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How do I interpret the pathping results?

Posted on 2011-10-13
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Any way to tell which router or link is introducing the delay?

C:\Users\xxxx>pathping 1.2.3.4

Tracing route to 1.2.3.4 over a maximum of 30 hops

  0  2.3.4.5
  1  7.8.9.10
  2  3.4.5.6
  3  4.5.6.7
  4  5.6.7.8
  5  6.7.8.9
  6  1.2.3.4

Computing statistics for 150 seconds...
            Source to Here   This Node/Link
Hop  RTT    Lost/Sent = Pct  Lost/Sent = Pct  Address
  0                                           2.3.4.5
                                0/ 100 =  0%   |
  1    0ms     0/ 100 =  0%     0/ 100 =  0%  7.8.9.10
                                0/ 100 =  0%   |
  2    2ms     0/ 100 =  0%     0/ 100 =  0%  3.4.5.6
                                0/ 100 =  0%   |
  3    2ms     0/ 100 =  0%     0/ 100 =  0%  4.5.6.7
                                0/ 100 =  0%   |
  4   60ms     0/ 100 =  0%     0/ 100 =  0%  5.6.7.8
                                0/ 100 =  0%   |
  5   60ms     0/ 100 =  0%     0/ 100 =  0%  6.7.8.9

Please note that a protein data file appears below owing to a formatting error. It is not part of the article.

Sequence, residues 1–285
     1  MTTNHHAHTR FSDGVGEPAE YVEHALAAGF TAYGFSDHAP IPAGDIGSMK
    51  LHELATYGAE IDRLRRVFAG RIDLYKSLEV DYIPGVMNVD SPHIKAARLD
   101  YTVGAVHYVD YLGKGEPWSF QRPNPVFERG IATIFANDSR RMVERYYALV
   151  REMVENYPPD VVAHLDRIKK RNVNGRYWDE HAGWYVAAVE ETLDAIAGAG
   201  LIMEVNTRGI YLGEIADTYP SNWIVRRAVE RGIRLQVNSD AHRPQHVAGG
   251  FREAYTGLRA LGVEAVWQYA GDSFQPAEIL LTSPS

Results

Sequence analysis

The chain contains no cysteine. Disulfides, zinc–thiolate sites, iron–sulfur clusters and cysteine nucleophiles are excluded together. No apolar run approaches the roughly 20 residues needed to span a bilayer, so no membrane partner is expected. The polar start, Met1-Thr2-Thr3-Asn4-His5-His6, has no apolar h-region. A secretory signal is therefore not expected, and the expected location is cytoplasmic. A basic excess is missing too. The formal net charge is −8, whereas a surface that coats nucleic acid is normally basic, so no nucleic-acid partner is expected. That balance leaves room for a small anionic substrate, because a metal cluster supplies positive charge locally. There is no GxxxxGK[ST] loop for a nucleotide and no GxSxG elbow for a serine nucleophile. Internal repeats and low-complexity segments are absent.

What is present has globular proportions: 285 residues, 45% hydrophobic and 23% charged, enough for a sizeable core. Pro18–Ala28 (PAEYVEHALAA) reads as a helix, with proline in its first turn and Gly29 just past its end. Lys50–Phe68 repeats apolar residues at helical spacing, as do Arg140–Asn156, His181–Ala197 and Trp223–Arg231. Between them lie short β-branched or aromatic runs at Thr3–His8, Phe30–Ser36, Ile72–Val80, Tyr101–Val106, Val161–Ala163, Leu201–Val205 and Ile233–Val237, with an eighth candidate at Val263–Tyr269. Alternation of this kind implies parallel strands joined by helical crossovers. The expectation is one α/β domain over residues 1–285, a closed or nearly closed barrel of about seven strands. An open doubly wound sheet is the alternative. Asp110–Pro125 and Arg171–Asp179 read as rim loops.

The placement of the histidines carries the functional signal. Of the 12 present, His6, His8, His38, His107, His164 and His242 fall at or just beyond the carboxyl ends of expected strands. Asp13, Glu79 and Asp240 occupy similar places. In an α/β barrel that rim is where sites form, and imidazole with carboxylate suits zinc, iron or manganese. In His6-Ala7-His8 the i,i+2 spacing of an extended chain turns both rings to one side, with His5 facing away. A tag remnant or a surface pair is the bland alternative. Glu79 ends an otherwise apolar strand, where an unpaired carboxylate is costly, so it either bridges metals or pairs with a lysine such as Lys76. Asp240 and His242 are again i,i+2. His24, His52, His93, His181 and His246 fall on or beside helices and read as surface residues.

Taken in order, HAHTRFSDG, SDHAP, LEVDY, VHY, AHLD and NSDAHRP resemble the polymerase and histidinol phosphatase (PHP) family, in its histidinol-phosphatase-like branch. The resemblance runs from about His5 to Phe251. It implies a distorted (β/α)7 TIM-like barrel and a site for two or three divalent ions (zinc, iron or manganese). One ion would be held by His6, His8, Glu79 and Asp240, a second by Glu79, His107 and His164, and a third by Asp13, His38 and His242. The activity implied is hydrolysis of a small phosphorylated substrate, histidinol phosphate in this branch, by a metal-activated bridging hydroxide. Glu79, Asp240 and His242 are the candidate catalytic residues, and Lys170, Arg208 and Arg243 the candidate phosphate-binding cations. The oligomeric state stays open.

0/ 100 =  0%   |
  6   60ms     0/ 100 =  0%     0/ 100 =  0%  1.2.3.4

Trace complete.

C:\Users\xxxx>ping 1.2.3.4

Pinging 1.2.3.4 with 32 bytes of data:
Reply from 1.2.3.4: bytes=32 time=60ms TTL=59
Reply from 1.2.3.4: bytes=32 time=60ms TTL=59
Reply from 1.2.3.4: bytes=32 time=60ms TTL=59
Reply from 1.2.3.4: bytes=32 time=60ms TTL=59

Ping statistics for 1.2.3.4:
    Packets: Sent = 4, Received = 4, Lost = 0 (0% loss),
Approximate round trip times in milli-seconds:
    Minimum = 60ms, Maximum = 60ms, Average = 60ms
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Question by:Dragon0x40
3 Comments
 
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Soulja earned 1000 total points
ID: 36964859
If you consider the 60ms delay then it starts at router 4.
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by:Dragon0x40
ID: 36965735
Most of our local equipment and links have a 0ms RTT.

Would a 3ms RTT on local equipment and links indicate a loaded router or link?

VOIP might be getting delay or jitter.

I don't think we are actually dropping any packets.
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Assisted Solution

by:giltjr
giltjr earned 1000 total points
ID: 36969829
What this is telling you is that there is a WAN link between hop 3 and 4, where the RTT jubs to 60 ms.

The 3ms jump is most likely between your router and the network provider's routers.  They would be close to each other,  but not in the same building, router.  Say within 100-200 miles.

Say you have something like:

Computer #1 <--> R1 <--> R2 <--> R3 <--> R4 <--> R5 <--> Computer #2

R1 would be in your building.
R2 and R3 would most likely be in located at the WAN network provider's close to you, but not in your building.

R4 would be located a few thousand miles away from R3.
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